Sherlock Holmes and the adventure of the large mai

James Corbally /

Ok, let me explain my carb situation, my conclusions, and then you can all tell me if I'm sniffing blue mud.

Recently checked the size of my main jet. Turned out to be #70, but the workshop manual showed nothing over #60. I think the dealer did this, and this is why I figure they did it.

After I got the bike, I ran it till its' first service. At the first service, it was derestricted. Ran great for a week or so, then the air filter cover gets stolen. Bike is laid up for a few days, while I try to get a cover. Filters (sponge) are removed and put in a plastic shopping bag.

I get a new cover, and reinstall the filters. Notice a flat-spot from around 1/4 to mid-range throttle. I contact the dealer, and arrange to bring it in some time soon.

Now, I'm travelling to work on the week it's due to go back, and I begin to lose power. Machine just gets slower and slower... Happens twice on the way in, and I arrange to bring it in that afternoon. On the way into the shop, it does this once again.

Bring it to the shop, and they check the filter cover (which they suspected of being incorrect and causing the flat spot and power loss) and determine it is the correct part. They tell me they think the cold is affecting it (November at this stage, quite nippy out, with v. cold mornings). I go off, have some food with my wife, and return to the shop to be told they've fixed it, and that the problem was with the "carb freezing". They install a carb heater. Not knowing anything, I accept this explanation, and sure enough, the machine runs better.

Over time, I notice the flat spot isn't entirely gone, and it takes a little time and throttle fiddling to get it to full speed. Throttle usually does nothing from halfway point up to full, except drink fuel. Meanwhile, I'm being left behind by other 50cc machines from a standing start. It also seems heavier on fuel, giving around 70-78mpg when I'm told these machines give 90+. I'm suspicious.

After learning a few things (many from this forum, thanks!), I recently experimented with the jet needle. Tried raising it one notch from original middle position (richened). Bike bogged. Lowered the needle one notch from original position. Bike runs much better than it has since the problems started.

My deduction is this;

Original problem with the air filter led to dirt in the carb jet(s). This led to the flat-spot, and the eventual "power loss" problem. Given what I've read here, it appears as though my power loss problem was in fact an engine "soft seize", as it fits the symptoms. This would correlate with blocked jets of course (over-lean mixture). Plug also indicated rich running.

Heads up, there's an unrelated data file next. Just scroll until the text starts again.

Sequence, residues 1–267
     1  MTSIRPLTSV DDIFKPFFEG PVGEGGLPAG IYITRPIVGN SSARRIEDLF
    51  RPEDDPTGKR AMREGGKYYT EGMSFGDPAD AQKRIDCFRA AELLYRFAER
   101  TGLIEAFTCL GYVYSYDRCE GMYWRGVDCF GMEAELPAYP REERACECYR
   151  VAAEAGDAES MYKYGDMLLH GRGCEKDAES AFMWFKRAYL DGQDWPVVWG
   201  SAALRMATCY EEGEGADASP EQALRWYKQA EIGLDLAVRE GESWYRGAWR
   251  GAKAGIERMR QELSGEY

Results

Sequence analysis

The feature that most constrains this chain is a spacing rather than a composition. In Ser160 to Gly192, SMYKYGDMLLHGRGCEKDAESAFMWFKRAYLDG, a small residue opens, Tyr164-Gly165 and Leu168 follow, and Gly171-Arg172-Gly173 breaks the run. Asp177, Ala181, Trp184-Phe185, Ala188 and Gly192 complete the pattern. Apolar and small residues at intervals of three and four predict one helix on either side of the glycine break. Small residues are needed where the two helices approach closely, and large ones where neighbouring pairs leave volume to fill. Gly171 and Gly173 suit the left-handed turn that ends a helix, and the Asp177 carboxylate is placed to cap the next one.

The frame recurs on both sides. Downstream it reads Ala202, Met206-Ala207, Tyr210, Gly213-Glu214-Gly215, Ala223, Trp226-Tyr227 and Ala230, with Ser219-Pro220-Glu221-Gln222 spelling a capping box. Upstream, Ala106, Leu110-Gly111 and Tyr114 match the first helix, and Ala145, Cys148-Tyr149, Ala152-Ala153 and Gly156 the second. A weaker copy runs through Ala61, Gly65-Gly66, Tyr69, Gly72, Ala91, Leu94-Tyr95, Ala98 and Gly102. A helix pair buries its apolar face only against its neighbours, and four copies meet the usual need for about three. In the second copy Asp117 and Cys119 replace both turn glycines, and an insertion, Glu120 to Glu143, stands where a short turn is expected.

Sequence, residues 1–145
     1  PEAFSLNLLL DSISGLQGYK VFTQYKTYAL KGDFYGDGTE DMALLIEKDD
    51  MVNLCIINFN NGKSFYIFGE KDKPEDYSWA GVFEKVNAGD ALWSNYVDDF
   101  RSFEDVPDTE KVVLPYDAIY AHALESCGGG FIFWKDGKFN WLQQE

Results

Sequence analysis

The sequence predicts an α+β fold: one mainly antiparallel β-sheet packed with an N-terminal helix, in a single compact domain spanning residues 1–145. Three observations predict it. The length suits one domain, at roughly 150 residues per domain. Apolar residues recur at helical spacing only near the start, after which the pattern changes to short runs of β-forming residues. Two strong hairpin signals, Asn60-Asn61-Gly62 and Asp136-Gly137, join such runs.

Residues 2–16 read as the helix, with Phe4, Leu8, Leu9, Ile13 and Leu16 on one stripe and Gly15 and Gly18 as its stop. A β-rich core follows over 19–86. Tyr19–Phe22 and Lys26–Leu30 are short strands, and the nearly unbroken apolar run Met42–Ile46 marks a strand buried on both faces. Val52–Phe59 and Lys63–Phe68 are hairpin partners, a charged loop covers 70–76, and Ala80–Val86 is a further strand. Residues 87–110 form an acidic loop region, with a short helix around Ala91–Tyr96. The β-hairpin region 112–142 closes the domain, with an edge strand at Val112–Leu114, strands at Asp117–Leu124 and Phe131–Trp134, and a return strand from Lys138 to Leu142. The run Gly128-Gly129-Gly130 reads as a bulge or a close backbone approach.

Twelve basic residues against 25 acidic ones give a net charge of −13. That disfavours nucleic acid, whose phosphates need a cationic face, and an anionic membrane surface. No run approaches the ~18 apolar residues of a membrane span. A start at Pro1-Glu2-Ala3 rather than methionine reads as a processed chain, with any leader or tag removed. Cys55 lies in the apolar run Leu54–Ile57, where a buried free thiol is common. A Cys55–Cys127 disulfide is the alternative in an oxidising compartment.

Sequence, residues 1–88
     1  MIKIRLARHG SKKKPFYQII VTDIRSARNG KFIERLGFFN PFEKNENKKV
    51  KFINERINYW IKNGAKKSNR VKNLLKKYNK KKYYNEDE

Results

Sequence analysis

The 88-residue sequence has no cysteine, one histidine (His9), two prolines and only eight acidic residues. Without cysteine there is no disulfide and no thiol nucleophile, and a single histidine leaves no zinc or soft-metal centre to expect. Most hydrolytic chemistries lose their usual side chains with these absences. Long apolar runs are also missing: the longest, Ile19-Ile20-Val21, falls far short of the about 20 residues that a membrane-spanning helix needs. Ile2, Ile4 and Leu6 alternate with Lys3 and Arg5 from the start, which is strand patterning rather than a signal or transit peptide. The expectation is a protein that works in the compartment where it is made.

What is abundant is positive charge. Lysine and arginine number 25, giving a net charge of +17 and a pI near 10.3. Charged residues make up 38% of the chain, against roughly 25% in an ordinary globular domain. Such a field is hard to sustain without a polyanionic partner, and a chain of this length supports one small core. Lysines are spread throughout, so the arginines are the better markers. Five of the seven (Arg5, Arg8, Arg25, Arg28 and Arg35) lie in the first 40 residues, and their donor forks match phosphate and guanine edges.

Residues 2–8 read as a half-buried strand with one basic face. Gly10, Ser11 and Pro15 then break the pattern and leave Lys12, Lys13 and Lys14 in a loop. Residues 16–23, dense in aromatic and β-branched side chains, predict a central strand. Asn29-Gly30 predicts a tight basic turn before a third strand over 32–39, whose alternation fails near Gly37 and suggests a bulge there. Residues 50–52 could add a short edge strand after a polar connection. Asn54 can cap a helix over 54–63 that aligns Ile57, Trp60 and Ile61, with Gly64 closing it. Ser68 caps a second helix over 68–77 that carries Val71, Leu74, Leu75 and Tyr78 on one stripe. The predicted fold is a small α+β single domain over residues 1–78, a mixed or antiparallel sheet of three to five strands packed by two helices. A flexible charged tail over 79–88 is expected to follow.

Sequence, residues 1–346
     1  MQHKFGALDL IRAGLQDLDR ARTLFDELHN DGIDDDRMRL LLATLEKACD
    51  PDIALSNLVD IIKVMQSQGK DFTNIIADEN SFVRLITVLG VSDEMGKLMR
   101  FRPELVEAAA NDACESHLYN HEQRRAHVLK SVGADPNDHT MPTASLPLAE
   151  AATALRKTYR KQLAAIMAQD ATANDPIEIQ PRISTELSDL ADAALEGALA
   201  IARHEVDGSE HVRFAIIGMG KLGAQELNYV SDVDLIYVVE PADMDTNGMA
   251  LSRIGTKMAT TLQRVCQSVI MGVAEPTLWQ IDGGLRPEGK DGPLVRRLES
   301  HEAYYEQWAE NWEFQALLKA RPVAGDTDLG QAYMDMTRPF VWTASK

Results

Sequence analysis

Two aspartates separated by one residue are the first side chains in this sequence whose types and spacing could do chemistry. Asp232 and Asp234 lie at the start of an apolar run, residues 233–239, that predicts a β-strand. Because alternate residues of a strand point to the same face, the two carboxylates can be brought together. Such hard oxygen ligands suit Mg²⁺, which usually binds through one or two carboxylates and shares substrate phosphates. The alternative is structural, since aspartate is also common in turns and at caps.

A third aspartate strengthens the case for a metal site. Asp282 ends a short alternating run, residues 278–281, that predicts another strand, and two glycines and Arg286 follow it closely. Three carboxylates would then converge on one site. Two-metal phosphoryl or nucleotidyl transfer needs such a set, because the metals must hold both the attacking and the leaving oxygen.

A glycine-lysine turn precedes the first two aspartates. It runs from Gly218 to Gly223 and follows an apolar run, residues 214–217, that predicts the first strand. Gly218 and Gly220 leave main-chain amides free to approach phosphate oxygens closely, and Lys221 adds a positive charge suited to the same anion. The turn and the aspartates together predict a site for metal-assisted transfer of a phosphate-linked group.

I bring it into the dealer. They see that the air filter cover is correct. Most likely, they realize the engine seized (they never mention it to me, they're pretty sick of me by now). So they clean the carb, and at this point fit a #70 main jet, perhaps just to make sure. I'd called on several occasions about what I know now are quite trivial things, but it's clear they dread me calling. Hardly my fault, as I don't even know where the carb is at this stage (first bike, complete novice). I'm quite sure they'd rather never hear from me again. Nice customer service, eh?

Anyway, they fit the larger jet and carb heater and blame the cold, giving me back a bike which runs ok enough that I don't notice the flat spot is still there, only lessened. I didn't have it in its pre-theft state for very long, and haven't gotten used to the machine, so I only have gut-feeling to go on.

As a result of my suspicions, and general reading and learning about these machines, I then proceed to check the carb and needle, which leads me to now.

Apologies for the length, but does this seem like a plausible deduction, or is there something glaringly obvious I'm missing? Which link in my chain of thought is the weak one?

I'm currently getting a few jet sizes, from 68 down to 60 (hopefully) so I'll be able to determine whether I can fix this or not pretty soon.

Any comments would be appreciated.

Thanks,

James...

Dr. Watson and James's 'fine kettle of fish'

Hmmm... the fact that the dealer has installed a 'carb heater' makes the guessing more difficult..

And there is no point now in a lot of guessing about all the ups and downs in the machines recent history.

I think you are over-thinking this by guessing at a 'soft-seize'.

(I doubt it had a seizure)

If I beleived it might have had a seizure of any sort I would simply pop off the head (not the cylinder) and push the piston to the bottom and take a good look at the cylinder walls with a good light.